Story: Waitoa, Rota

Page 1: Biography

Waitoa, Rota

?–1866

Ngati Raukawa; Anglican clergyman

This biography, written by G. J. Dempsey, was first published in the Dictionary of New Zealand Biography in 1990.

Waitoa is said to have been of Ngati Raukawa, Ngati Maru and Te Arawa descent. The names of his parents are not known. He is thought to have been born at Waitoa, near present day Morrinsville, and to have gone south to Horowhenua with one of the migrations of Ngati Raukawa in the 1820s. He was an early convert of the CMS missionary Octavius Hadfield, and received his initial religious instruction in Christianity at Hadfield's mission at Waikanae. He took the name Rota (Lot), probably at his baptism by Hadfield on 17 October 1841. He attracted the attention of Bishop G. A. Selwyn on the latter's visit to Kapiti Island in November 1842. Waitoa volunteered to accompany Selwyn to Auckland, and for the next 12 years was the bishop's friend and travelling companion.

Waitoa was selected by Selwyn for training for the ministry. From 1843 he attended St John's College, which was established by Selwyn at Waimate North that year and in 1844 was shifted to Auckland. At St John's he was referred to as college butler and was in charge of provisions; he went on to study and became master of the junior department of the Maori boys' school, Abraham scholar and catechist. He was described as 'a man of integrity and exceptional intelligence', possessing a warm, generous nature. On 10 August 1848, at St John's Chapel, he married Te Rina Hinehuka of Ngati Porou, a pupil at Margaret Kissling's school for Maori girls at Kohimarama. They had three children: Caroline Harriet, Wiremu Henare, and Hone, who like his father was to become an Anglican clergyman.

Waitoa's ordination as deacon, the first ordination of a Maori into the Anglican church, at St Paul's, Auckland, on 22 May 1853, resolved many tensions that had built up between the CMS, Selwyn and the Maori people. Dissatisfaction had developed within the CMS over the theological instruction at St John's, and there was suspicion in some quarters that Selwyn was deliberately postponing the ordination of Maori. In early 1853, when an internal crisis caused the college to disperse temporarily, the Maori department had been closed. Waitoa's ordination also greatly increased his mana among his own churchpeople.

After his ordination Waitoa was appointed minister to the CMS station at Te Kawakawa (Te Araroa), East Coast. His appointment came at a critical time for the church. Many East Coast Maori, it seemed, were beginning to lose their faith in Christianity and their attachment to the mission appeared to be diminishing; increasing contact with European traders and settlements was seen by the missionaries as a dangerous influence. The Maori teachers proved inadequate to halt this apparent move away from the church, and the CMS would not provide further missionaries. Waitoa's appointment was the first to meet an urgent need for highly trained Maori clergy to provide supervision and spiritual guidance.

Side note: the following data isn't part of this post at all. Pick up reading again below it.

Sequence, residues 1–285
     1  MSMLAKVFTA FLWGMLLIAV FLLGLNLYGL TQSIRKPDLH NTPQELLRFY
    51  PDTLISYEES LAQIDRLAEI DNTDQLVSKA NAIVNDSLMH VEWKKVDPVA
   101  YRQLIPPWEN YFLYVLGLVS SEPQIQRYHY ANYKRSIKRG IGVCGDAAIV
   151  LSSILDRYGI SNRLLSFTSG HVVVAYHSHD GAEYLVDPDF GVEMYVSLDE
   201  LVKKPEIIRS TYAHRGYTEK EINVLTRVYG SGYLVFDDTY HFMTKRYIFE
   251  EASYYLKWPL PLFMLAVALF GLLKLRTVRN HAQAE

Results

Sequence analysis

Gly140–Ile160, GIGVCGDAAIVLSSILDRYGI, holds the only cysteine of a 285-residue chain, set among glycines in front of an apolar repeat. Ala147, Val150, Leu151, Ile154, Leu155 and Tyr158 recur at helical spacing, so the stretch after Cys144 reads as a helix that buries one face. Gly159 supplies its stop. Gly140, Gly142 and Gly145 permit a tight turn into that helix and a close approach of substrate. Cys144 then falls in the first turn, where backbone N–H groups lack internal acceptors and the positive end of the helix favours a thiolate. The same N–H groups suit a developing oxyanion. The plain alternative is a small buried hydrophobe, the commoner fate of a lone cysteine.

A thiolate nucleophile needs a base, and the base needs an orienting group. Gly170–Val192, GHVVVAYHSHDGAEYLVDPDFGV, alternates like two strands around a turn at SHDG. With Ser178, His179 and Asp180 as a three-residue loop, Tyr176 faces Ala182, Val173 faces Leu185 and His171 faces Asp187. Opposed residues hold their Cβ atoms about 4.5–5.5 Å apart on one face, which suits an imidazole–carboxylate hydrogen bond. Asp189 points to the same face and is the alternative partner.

At the same time it brought potential conflict to the Maori community. Waitoa initially met much opposition from Te Houkamau of Ngati Porou, who had twice been denied baptism by William Williams and who resented a member of a tribe he did not esteem assuming the position of teacher and leader among his people. Later, however, Te Houkamau was baptised by Waitoa. With Te Houkamau, Rota Waitoa built St Stephen's Church at Te Araroa, and possibly St Barnabas's at Hicks Bay. The introduction of Maori clergy was only gradually accepted by the Maori however.

The size of the mission and the complexity of the theological and practical problems he encountered led Waitoa to return periodically to St John's, to read and study, and to renew his friendship with Selwyn. At the same time he was preparing for ordination to the priesthood. After the creation of the Waiapu diocese in 1858, to meet the need for its regular administration, he was ordained priest at Gisborne, by Bishop William Williams, on 4 March 1860; he was the first Maori priest. He retained his position as superintendent of Te Kawakawa pastorate. After Te Rina Hinehuka's death, probably in 1857, Waitoa married Harata Tiarete of Te Kawakawa. There were two children of this second marriage: Perepetua, sometimes known as Penepetua, and Wiremu Iharaira.

Waitoa's last years were marked by increasing difficulties. The resistance of East Coast Maori to government land sale policies, resentment of government authority, and some popular support among Ngati Porou for the King movement and Pai Marire, came to a head with the outbreak of war on the East Coast in 1865. Waitoa was one of an important group of East Coast leaders who opposed the King movement and Pai Marire, and in 1865–66 was involved in the hostilities. He continued his work throughout this period although at one time he was forced to abandon Te Kawakawa mission.

In 1866 a riding accident left Waitoa seriously injured. Selwyn invited him and his family back to Auckland. Waitoa died there on 22 July 1866, and was buried at St Stephen's cemetery, Judges Bay.

How to cite this page:

G. J. Dempsey. 'Waitoa, Rota', Dictionary of New Zealand Biography, first published in 1990. Te Ara - the Encyclopedia of New Zealand, https://teara.govt.nz/en/biographies/1w2/waitoa-rota (accessed 15 October 2019)